Immunitas = freedom from (Latin) What is the function of the immune system? How does it recognize, eliminate and remember pathogenic microorganisms?
How does it differentiate between harmful and harmless? How does it differentiate between self and non-self? What about its specificity? What about flexibility? (Influenza) Speed? Is there room for failure? (Immunodeficiency) Keep in mind! Harmful self- tumors Harmless non-self- normal flora Keep in mind! Harmful self- tumors Harmless non-self- normal flora Immunitas = freedom from (Latin)
We live in a potentially hostile world filled with infectious agents of diverse shape, size and composition which would very happily use us as rich sanctuaries… …had we not developed a series of defense mechanisms.
WHY IS THE IMMUNE SYSTEM SO IMPORTANT? Viruses Multicellular parazites (helminths) Monocellular parazites Virus 3 hours Bacteria PATHOGENS Cells of human body: 90% microbes, 10% human Gut bacteria: Human cell population: 10 13
Microbiological barriers The normal flora A microbial community that inhabits the skin and mucosal membranes of mouth, gut and vagina. Symbiotic, non-pathogenic microbes, living in „peaceful” commensalisms. In this ecosystem, the fittest survive and there is a competition over nutrients with pathogenic organisms. (Bacteria, Fungi, Protozoa, Viruses and Helminthes).
Physical and chemical barriers pH of 3-4 Pepsin Stomach Skin Tight junctions Keratin layer Antibacterial peptides; Defensins pH of 5.5 Fatty acids Burns and susceptibility to infections! pH of Lactobacillus Lactic acid Vagina Eye Tear film (Oils, lactoferin, mucin and lyzosyme) Respiratory tract Impaired cilia movement (CF)! Cilliary movement Coughing, sneezing
Bone marrow Hematopoietic cells leave the central cavity and drain to a central vein The bone marrow of a 65kg person weights 2.6kg and produces around 500 billion cells per day Red bone marrow The site of hematopoiesis
Thymocytes Epithelial cells Dendritic cells Macrophages Thymus Thymocytes from the bone marrow arrive at the thymus and mature into T cells
Spleen Weights 150g, in the upper left abdomen. The spleen filters the blood and serves as a secondary lymphoid organ
Spleen Lymphocyte aggregations similar to the lymph node only that cells and pathogens enter from the blood Red pulp- filters the blood; from antigens, microorganisms and worn-out RBCs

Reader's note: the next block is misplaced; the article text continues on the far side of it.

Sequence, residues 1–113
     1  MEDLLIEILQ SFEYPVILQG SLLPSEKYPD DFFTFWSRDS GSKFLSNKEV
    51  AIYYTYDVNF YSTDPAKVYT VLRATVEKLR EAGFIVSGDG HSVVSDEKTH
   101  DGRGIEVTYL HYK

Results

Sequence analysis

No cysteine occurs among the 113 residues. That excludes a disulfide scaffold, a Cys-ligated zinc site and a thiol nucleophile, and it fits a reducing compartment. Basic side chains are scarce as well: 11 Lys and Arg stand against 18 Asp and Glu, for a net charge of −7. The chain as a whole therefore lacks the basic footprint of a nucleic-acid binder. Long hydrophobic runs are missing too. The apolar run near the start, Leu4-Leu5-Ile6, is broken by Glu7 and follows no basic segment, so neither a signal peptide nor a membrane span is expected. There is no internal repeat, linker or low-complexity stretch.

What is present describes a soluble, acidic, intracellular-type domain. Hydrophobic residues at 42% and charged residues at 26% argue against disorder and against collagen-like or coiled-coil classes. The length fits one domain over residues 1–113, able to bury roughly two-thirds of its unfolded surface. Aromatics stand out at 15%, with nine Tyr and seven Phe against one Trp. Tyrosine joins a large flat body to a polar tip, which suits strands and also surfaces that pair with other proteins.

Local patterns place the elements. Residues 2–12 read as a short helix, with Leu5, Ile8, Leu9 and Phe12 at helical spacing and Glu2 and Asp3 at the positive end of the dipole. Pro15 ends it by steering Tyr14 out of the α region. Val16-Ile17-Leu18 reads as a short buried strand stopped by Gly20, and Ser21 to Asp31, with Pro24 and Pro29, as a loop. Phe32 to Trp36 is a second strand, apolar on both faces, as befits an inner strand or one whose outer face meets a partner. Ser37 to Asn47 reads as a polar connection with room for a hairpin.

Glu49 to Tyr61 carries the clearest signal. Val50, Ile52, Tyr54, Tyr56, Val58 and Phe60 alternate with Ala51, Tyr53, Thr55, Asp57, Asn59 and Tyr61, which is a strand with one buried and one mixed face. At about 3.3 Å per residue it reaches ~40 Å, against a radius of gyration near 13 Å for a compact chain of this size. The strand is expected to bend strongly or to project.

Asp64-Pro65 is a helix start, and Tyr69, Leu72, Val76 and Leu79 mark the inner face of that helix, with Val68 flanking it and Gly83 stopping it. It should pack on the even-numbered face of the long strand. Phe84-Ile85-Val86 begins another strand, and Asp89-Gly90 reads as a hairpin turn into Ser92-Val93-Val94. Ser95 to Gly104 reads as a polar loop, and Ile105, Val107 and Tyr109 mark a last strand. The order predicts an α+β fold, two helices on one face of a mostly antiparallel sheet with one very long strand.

Secondary lymphatic tissues
Lymphatic tissues that are more diffused are generally known as MALT (Mucosa associated lymphatic tissue). Similar microanatomy as the lymph nodes and spleen Most of the pathogens get into human body through mucosa hin, huge surface, dinamic structure A thin, huge surface, dinamic structure Intense and active immune surveillance mechanisms ensure the protection Intense and active immune surveillance mechanisms ensure the protection Mucus contains glycoproteins, proteoglycans, special enzymes Mucus contains glycoproteins, proteoglycans, special enzymes Anti microbial peptides provide biological defence mecanism against intection Anti microbial peptides provide biological defence mecanism against intection Most of the lymphocyte reside arround the mucosal surface Most of the lymphocyte reside arround the mucosal surface Secondary lymphatic tissues MALT
The small intestine contains lymphoid nodules; the Peyer’s patches and isolated lymphoid follicles. Pathogens are delivered across the mucosa to APCs by specialized mucosal epithelial cells are called the M cells (microfold cells). The Lamina propria contains lymphatic tissue underlying the gastrointestinal tract connective tissue GALT
GALT Antigens arising from Peyer’s patches and Lamina Propria travel to T cell areas in the GALT or Mesenteric lymph nodes. The large intestine contains isolated lymphoid follicles and the appendix
Guarding the gastrointestinal entrance Waldeyer’s ring: Pharyngeal, Tubal, Palatine and Lingual Tonsils Tonsilitis NALT
Edward Jenner 1796 The induction of immunity/protection from smallpox (cowpox) FIRST VACCINATION
Louis Pasteur 1880 a a a Immunization with attenuated pathogens against rabies
Ilya Mechnikov 1883 Probiotics Paul Ehrlich 1900 Phagocytosis Pathogen recognition by special receptor, clonal proliferation to multiply cells that are able to recognize the pathogen
Koch Laboratory, Germany 1890 Diphteria and Tetanus toxin Emil Behring Shimbasaru Kitasato 1.Many diseases occur only once (natural protection) 2.Some diseases can be prevented by vaccination 3.The blood contains anti-bacterial activity (anti-toxins, serum therapy) Protective humoral factors Antibodies in serum bound to relevant pathogens